This study segregates the data into good and poor governance firm portfolios based on the G-Index to identify the direction of the relationship between profits and financial leverage in distinctly different governance environments. For this purpose we define financial leverage (LEV) as the ratio of the book value of long

term debt to the market value of the assets of the firm ( LTD MVA ) and measure profits (PRFT) as the ratio of net income to the market value of the firm ( NI MVA )5. To test

for the subsidiary hypotheses, we use a measure of the tangible collateralizable assets (COL) of the firm and the size (SIZE) of the firm measured by total assets. COL and SIZE form the basis of the tangibility and empire building hypotheses respectively and are used to explain the slope of the leverage ratio for good and poor governance firms. COL is computed as the ratio of property, plant and

equipment to the market value of the firm ( PPE MVA ). SIZE is measured as the log of total assets.

3.2. Control Variables

To test for the hypotheses developed in this study, we identify a number of control variables that affect capital structure. The variables are firm-specific controls motivated by Opler et al. [41] and Frank and Goyal [30] . These include log of total sales (LTS), market-to-book ratio (MTB), capital expenditure (CAPEX), intangible assets (INTANG), cash flow (CF), risk of cash flows (RISK), net working capital (NWC) and industry median leverage (MED). All control variables are standardized (i.e., they have zero mean and one standard deviation) so that the respective coefficients have a one standard deviation interpretation.

LTS is measured as the log of sales. MTB is measured as the ratio of the market

value of assets to the book value of assets ( MVA BVA ), where the market value of assets (MVA) equals the book value of total debt plus the market value of equity. CAPEX is measured as the ratio of capital expenditure to total assets ( CAPX TA ). INTANG is measured as a ratio of intangible assets to the market value of assets ( INTANG MVA ). CF is computed as the ratio of earnings before interest, taxes, depreciation, and amortization to total assets ( EBITDA TA ). RISK is computed using the standard deviation of cash flows for the past three years. NWC is the ratio of working capital to total assets ( NWC TA ). Another important aspect of capital

structure decision is that managers tend to identify and follow industry standards when setting goals and they are likely to follow the same capital structure practices as followed by their peers6. This could influence the analysis and consequently this study attempts to regulate for the effect of industry leverage ratios by using MED as a control variable. The reason for the normalization of these variables is to convert relatively biased descriptive numbers to meaningful ratios that can be used to conduct cross-sectional analysis. Finally, we include industry dummy variable to control for possible industry effects. Though not reported here, this paper also estimates all models using the unadjusted variables and finds similar results.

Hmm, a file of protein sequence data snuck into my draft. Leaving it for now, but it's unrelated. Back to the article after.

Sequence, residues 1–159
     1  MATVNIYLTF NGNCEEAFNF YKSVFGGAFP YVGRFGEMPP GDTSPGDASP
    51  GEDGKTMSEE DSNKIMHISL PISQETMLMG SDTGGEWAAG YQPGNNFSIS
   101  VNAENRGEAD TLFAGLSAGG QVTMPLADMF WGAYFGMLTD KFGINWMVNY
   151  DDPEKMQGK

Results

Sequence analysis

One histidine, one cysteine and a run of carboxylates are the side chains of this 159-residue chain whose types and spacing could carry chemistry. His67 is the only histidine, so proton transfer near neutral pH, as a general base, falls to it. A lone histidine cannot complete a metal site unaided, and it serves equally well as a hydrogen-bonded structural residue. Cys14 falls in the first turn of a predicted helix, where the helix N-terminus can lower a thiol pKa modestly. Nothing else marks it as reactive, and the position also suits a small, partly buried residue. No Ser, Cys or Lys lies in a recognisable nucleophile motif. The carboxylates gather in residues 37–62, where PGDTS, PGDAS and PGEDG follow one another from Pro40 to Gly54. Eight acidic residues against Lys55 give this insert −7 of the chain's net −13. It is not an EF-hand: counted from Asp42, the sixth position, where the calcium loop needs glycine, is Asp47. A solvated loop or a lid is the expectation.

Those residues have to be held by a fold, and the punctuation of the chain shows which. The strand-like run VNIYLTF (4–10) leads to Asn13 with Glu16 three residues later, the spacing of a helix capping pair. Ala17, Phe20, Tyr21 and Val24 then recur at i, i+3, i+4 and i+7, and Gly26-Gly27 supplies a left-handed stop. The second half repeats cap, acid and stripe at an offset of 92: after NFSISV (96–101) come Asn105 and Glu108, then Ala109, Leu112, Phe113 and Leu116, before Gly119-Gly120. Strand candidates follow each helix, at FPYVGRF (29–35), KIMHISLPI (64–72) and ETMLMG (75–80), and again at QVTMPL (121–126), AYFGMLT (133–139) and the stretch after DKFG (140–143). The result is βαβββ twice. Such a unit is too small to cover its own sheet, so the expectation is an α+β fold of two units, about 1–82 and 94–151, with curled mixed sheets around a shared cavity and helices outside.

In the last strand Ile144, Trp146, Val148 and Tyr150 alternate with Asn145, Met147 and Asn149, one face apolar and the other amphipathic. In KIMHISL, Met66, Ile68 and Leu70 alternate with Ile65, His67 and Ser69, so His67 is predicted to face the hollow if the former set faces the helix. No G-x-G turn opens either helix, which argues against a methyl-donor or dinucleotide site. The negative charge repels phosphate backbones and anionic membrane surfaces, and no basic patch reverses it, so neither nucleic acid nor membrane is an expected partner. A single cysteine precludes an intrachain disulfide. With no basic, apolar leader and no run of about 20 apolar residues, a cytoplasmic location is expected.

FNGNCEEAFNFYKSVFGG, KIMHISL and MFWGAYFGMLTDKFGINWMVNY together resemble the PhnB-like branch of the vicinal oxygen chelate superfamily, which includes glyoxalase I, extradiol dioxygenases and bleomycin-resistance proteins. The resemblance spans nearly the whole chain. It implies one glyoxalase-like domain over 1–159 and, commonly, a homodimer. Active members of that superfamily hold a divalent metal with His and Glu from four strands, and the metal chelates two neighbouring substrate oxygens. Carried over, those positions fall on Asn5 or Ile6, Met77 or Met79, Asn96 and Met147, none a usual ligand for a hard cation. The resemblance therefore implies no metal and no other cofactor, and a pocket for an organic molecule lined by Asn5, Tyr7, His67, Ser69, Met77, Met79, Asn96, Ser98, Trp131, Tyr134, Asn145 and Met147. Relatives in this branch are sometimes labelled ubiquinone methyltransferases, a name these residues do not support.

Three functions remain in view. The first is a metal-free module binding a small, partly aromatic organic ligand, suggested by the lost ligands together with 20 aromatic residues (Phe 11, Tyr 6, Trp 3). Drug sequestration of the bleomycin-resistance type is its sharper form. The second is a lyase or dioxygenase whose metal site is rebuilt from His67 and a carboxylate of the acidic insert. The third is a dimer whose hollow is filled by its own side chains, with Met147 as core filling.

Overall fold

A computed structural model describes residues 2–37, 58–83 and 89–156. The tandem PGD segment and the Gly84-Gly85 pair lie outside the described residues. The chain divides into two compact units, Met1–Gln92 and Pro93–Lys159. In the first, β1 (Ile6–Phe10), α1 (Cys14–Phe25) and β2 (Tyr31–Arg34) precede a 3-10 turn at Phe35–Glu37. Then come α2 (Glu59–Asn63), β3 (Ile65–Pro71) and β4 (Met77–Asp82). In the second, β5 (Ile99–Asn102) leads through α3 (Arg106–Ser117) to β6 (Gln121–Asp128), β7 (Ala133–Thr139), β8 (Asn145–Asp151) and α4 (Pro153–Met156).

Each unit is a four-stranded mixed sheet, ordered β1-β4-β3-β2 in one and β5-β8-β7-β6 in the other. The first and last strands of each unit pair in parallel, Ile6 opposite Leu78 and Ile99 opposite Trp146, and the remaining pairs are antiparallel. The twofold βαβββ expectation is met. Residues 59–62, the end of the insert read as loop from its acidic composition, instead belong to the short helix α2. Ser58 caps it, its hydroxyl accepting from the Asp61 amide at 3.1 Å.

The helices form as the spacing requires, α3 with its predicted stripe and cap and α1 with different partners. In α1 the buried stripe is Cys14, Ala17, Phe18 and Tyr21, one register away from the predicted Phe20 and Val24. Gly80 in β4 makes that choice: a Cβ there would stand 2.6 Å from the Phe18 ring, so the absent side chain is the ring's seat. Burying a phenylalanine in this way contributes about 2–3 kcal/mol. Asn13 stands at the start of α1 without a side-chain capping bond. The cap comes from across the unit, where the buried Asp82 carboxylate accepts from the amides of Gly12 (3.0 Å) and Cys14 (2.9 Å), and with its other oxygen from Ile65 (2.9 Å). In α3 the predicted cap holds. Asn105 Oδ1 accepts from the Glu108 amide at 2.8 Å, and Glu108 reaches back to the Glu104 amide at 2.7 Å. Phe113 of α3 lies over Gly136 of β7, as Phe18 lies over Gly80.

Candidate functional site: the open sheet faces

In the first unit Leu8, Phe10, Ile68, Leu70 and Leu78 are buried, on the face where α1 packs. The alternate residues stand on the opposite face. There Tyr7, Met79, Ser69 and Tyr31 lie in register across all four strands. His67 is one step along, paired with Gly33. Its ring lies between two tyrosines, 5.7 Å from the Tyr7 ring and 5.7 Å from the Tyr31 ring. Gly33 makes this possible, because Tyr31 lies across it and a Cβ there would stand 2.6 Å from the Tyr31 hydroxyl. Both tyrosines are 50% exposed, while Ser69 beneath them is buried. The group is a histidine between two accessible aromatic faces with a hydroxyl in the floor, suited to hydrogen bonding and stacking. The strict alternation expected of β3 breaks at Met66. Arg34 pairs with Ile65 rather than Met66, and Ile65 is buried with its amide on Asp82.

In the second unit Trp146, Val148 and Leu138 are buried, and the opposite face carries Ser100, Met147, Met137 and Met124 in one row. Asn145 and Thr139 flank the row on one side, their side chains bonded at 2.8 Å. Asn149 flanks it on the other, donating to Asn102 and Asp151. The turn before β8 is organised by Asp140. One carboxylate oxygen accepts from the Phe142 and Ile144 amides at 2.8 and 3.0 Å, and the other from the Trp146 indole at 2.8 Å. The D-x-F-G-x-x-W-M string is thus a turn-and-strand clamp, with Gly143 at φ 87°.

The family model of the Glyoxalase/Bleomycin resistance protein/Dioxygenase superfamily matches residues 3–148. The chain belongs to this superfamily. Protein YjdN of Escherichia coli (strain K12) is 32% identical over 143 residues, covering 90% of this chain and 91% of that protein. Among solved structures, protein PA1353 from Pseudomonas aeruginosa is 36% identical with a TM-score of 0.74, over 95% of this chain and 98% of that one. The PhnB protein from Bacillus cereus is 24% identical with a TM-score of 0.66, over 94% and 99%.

3.3. Descriptive Statistics

Table 1 provides summary statistics for the variables used in the analysis. These include the main data segregation variable (G-Index), the chief variables of my analysis (LEV, PRFT, COL and SIZE) and the control variables (LTS, MTB, CAPEX, INTANG, CF, RISK, MED, NWC). The G-Index has a mean (median) of 8.94 (9). The mean (median) G-index for the lowest and highest deciles is 4.42 (5) and 14.58 (14) respectively. A low value of the G-Index means that a firm has strong shareholder rights and a high value indicates a firm that has weak shareholder rights. LEV has a mean (median) of 0.26 (0.17) for all firms. The mean (median) LEV for the lowest and highest deciles is 0.23 (0.15) and 0.26 (0.22) respectively. This indicates that good governance firms have comparatively lower leverage ratios. The mean (median) PRFT of the entire sample is 0.084 (0.04). The mean (median) PRFT of the good governance firm is 0.03 (0.035) and the mean (median) PRFT for firms in the poor governance portfolio is 0.05 (0.041). The difference in profits is significant at the 1% level. Good governance firms exhibit lower profits compared to poor governance firms (in line with earlier

Table 1. Summary statistics. This table provides the summary statistics for the sample. The data set (excluding the governance index) has been winsorized at 0.5 and 99.5 percentiles and does not included financial institutions and regulated utilities. The data set comprises 23,527 firm-year observations for 2299 firms in the All Firms category, 2528 firm-year observations in the Good Governance Firms category and 1091 firm-year observations in the Poor Governance Firms category, covering the period 1990-2009.